MIAMI -- The grass promises to be greener and more easily maintained in 2014 at Marlins Park.
In the upcoming months, the Marlins' front office will be tinkering with the roster in hopes of upgrading the players on the field. In the meantime, upper management already has plans to improve the actual playing surface for Season 3 at Marlins Park.
The 36,000-seat, retractable-roof ballpark will feature a grass called "paspalum" in both the infield and outfield. The full, thick grass offers a healthy shade of green. But the most important benefit for the switch to paspalum is its durability.
Paspalum is commonly used at golf courses located in beach areas, because the grass is able to withstand higher salt content in water. The Marlins were able to test paspalum on the infield last season, but in the outfield, a Bermuda grass called Tifway (or Tiff) 419 was installed.
"At the end of February, we're going to replace everything in the outfield with paspalum," Marlins executive vice president of operations and events Claude Delorme said. "The reason we didn't do it last year is because we couldn't get enough sod with paspalum."
By having paspalum solely in the infield, the Marlins were able to monitor how it held up to all conditions.
"I wanted to see was how the shade would impact it," Delorme said. "It will look good the whole year. Even when we decided to do some maintenance to the field, it just came back really quickly. There is more density to the sod. Based on that, and the reaction we've seen, we think that's going to be a nice improvement for next year."
Paspalum also has been used in the infield at Turner Field in Atlanta for a couple of seasons.
"Us and Atlanta were in the same boat, where we had to go infield and outfield with a different surface," Delorme said. "We wanted to see how paspalum would react in the infield for a whole year. After seeing the quality of the infield versus the outfield, we know it's going to be a welcome change."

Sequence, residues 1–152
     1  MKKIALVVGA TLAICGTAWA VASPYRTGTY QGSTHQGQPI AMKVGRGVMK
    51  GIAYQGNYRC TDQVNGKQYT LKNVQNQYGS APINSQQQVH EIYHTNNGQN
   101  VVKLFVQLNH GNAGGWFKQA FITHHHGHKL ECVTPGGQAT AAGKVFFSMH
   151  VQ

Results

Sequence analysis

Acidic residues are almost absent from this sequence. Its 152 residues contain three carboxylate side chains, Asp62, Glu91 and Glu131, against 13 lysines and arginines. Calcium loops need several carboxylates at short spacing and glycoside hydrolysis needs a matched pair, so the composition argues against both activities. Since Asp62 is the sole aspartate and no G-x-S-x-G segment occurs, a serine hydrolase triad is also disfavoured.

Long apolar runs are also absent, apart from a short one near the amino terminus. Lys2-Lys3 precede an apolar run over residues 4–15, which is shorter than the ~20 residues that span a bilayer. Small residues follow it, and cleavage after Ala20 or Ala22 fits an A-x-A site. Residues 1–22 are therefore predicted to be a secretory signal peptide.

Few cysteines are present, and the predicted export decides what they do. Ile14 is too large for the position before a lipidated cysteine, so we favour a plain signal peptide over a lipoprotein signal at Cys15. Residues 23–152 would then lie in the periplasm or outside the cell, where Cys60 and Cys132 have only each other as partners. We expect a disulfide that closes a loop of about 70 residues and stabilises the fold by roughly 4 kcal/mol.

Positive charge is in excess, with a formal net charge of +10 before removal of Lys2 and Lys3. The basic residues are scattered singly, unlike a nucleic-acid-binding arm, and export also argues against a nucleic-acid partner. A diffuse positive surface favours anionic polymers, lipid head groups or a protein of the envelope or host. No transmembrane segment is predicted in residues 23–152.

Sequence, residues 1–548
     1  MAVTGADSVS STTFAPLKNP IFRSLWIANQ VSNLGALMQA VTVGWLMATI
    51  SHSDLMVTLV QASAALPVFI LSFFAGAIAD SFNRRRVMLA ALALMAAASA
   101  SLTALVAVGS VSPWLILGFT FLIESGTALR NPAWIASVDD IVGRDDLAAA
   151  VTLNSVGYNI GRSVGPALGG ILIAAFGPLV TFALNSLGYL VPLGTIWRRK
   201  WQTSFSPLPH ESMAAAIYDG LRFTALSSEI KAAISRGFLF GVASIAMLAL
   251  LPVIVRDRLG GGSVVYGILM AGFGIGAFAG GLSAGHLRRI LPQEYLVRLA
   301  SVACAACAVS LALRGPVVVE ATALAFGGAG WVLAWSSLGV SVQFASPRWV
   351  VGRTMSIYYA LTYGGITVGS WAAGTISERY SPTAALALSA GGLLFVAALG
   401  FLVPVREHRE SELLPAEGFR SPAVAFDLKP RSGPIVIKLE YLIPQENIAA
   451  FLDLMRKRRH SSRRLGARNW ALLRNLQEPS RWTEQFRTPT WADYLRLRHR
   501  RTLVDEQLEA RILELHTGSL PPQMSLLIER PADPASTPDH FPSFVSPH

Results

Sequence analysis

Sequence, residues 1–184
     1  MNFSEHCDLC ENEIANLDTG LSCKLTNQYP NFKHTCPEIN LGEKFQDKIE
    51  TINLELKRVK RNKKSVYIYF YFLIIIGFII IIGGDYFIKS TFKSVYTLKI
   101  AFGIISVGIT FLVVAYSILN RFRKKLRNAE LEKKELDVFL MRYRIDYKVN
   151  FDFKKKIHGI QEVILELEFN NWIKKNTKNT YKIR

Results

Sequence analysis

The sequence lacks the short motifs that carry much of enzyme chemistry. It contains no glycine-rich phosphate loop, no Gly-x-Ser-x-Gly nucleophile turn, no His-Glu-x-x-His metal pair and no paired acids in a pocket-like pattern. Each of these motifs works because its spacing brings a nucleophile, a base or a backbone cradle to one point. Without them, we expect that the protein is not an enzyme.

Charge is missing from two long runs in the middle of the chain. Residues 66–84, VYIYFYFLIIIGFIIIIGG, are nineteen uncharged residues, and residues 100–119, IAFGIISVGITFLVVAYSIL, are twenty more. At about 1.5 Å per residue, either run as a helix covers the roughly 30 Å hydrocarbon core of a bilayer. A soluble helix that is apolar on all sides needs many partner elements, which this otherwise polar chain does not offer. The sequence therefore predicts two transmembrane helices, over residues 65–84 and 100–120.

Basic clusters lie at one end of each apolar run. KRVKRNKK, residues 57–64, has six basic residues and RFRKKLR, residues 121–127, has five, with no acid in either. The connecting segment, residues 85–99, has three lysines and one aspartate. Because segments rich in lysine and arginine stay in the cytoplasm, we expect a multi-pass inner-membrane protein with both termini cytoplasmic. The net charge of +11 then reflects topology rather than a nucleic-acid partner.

From the players' standpoint, the paspalum is thicker and can be grown out a little longer, so the infield and outfield should play a bit slower.
Outfielders, especially, will see a difference. The Tiff 419 was a swifter surface. Sometimes that was an advantage for the Marlins, especially against teams not as familiar with the ballpark. Miami's outfielders knew they needed to hurry up to balls hit toward the gaps in anticipation of the faster hops.
"The thing with Tiff 419 Bermuda is you've got to cut if fairly short," Delorme said. "So you have a little bit more flexibility with paspalum to grow it probably an eighth of an inch more. It's a little bit slower surface than we saw last year."
Tiff 419 is the surface the Marlins used at their previous park, Sun Life Stadium.
In the first two years at Miami's new ballpark, the grounds crew has had its challenges preserving the grass. There is a constant balance of keeping the roof open to allow in sunlight to grow the grass, while also closing the roof for weather-related reasons.
In the park's inaugural season in 2012, a Bermuda grass called "Celebration" was used in the infield and outfield.
"It didn't react well," Delorme said.
Wear and tear on the field created brown splotches, and the field was sandy. The sunlight patterns also are an issue, as certain parts of the field are covered by shade. The team purchased grow lamps that are used to create artificial sunlight to the neglected areas.
"The grow lights we bought last year were helpful for the outfield areas where we get that constant shade in right field in April," Delorme said. "Then it shifts over to left field as the year progresses. The lamps are going to help us, as well, to keep the sod in great condition."
Joe Frisaro is a reporter for MLB.com. He writes a blog, called The Fish Pond. Follow him on Twitter @JoeFrisaro.